How soon must I commence my claim?

You have three years to bring about a claim from the initial prescription or from the date you became aware that the medication was the cause of your problems so do not delay. We add that this three-year period will not apply to everyone and therefore if you believe you have been affected, please contact us as soon as possible to discuss this aspect further.

 

How long will my case take to run?

Given the complexities involved in pursuing Clinical Negligence claims, they can often take 18-24 months to conclude and longer if Court proceedings have to be issued. Our investigations start by obtaining all relevant records and protocols before approaching independent medical experts for their opinion.

We will provide you with regular updates on the progress of your case to ensure that you are kept up to speed.

 

How much is my claim worth?

It is often difficult to value clinical negligence claims at their outset given the complexities involved however we will pursue two forms of compensation for you:

Firstly, we will pursue compensation known as general damages. This is an award of money for the pain and suffering you have endured as a result of the negligence.

Secondly, we will pursue compensation known as special damages. This is an award of money for all of your out of pocket expenses such as travel expenses, medication costs, loss of earnings, treatment costs both past and future. This list is not exhaustive and is very case-specific.

 

Oakwood Solicitors Ltd

 

Why use Oakwood Solicitors Ltd to make your Medical Negligence case?

We have a dedicated team of solicitors and paralegals who have many years’ experience between them in running cases of this nature. They are highly trained to deal with all aspects of clinical negligence.

We want to ensure at Oakwood Solicitors that clients are not overwhelmed by legal jargon, medical terms that they don’t understand and to allow the claims procedure to be as transparent as possible.

 

How is my case funded?

The majority of Clinical Negligence cases are funded by a Conditional Fee Agreement, more commonly known as a “no win no fee” agreement. This means that there will be nothing to pay upfront and nothing to pay if the claim has been lost. If you are successful in your claim a deduction of 25% of damages will be taken to cover the success fee and the shortfall in legal fees.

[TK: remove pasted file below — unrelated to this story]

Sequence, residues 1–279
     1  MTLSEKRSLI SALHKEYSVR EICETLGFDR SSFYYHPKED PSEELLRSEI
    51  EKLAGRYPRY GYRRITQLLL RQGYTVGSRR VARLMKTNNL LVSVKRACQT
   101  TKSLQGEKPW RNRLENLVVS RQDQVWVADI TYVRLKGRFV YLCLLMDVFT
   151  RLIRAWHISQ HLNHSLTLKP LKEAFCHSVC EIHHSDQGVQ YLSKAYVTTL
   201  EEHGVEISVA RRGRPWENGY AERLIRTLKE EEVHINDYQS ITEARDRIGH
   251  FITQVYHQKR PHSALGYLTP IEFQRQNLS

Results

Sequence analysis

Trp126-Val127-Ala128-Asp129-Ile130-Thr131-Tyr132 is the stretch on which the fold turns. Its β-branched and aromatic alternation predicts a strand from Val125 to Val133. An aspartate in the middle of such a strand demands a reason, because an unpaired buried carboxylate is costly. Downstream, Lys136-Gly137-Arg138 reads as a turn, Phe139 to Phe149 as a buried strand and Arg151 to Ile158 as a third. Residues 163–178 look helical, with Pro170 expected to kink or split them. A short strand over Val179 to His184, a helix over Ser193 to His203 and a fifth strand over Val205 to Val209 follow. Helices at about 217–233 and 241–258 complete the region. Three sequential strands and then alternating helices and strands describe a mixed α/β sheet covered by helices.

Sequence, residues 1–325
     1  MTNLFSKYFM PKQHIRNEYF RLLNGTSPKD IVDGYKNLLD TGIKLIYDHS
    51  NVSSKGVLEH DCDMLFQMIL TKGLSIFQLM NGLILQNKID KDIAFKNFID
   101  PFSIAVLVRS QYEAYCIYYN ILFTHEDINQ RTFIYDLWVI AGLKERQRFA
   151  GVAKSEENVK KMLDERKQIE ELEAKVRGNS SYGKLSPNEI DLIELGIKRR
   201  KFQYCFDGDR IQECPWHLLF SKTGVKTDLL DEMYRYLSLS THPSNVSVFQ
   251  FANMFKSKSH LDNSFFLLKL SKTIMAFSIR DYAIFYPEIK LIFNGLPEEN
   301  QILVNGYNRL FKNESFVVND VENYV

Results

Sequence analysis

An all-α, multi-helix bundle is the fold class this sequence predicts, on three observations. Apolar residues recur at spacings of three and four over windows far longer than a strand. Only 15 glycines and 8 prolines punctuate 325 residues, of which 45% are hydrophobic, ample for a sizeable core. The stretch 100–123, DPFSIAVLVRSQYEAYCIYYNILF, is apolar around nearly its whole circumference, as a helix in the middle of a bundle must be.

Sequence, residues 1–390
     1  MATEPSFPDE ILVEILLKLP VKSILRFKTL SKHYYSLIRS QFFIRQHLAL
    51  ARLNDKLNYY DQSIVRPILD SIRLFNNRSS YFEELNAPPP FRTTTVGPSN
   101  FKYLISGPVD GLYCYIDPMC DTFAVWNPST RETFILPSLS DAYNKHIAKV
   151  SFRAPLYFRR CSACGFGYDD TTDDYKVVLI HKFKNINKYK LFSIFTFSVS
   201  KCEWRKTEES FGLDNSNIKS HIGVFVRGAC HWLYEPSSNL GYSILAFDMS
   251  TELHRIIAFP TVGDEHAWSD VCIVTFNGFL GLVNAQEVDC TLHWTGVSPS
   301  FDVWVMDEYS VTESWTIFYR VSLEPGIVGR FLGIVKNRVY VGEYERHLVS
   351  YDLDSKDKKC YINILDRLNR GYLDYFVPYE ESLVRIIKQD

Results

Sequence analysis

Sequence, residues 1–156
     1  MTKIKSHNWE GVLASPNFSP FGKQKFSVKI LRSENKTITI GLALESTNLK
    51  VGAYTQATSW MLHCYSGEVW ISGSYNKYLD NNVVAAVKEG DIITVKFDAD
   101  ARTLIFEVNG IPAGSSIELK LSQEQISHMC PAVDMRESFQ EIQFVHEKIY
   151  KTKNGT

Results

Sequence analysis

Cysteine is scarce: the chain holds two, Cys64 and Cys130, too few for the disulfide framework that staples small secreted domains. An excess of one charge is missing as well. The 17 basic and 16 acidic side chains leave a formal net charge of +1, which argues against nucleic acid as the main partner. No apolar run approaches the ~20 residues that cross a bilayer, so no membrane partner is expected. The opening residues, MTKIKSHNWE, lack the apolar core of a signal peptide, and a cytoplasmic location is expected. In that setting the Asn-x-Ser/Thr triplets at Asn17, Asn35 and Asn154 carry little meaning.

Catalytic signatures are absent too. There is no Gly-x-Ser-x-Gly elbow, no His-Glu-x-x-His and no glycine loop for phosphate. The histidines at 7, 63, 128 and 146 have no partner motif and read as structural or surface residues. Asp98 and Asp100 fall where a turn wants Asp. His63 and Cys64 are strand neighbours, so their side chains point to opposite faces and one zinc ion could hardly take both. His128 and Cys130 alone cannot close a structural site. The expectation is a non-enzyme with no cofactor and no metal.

It may also be the case that an After the Event (ATE) insurance policy will be obtained to cover the costs of expensive medical reports and investigations. If an ATE insurance policy has to be obtained the cost of the same will be discussed with you at the appropriate point.

The cost of the ATE insurance policy is again taken from your damages and only payable if you are successful with your claim.

 

Closing words from the Medical Negligence team

We wholeheartedly agree with Theresa May’s statement regarding this matter and believe that any victim affected by Primodos is well within their legal right to redress. Legal action and a path to compensation should be available to all those who have suffered and continue to suffer to this day.

 

WHAT TO DO NEXT

Get in touch today for a free, confidential initial consultation regarding the Primodos pregnancy test and the potential of your case gaining compensation.

Choose one of the methods on the right-hand side of this page, speak to us via our web chat feature, or call us on 0113 200 9787 to find out how we can help you.

 

Additional Sources:
SPG Law – Primodos Action Group
First Do No Harm – The report of the Independent Medicines and Medical Devices Safety Review (8th July 2020)
Report of the Commission on Human Medicines’ Expert Working Group on Hormone Pregnancy Tests (15th November 2017)

Meet the author

Rachel graduated from Leeds Beckett University in 2017 with a 2:1 Law Degree, along with the Oxford University Publishing Prize for International Human Rights. Rachel joined Oakwood Solicitors Ltd …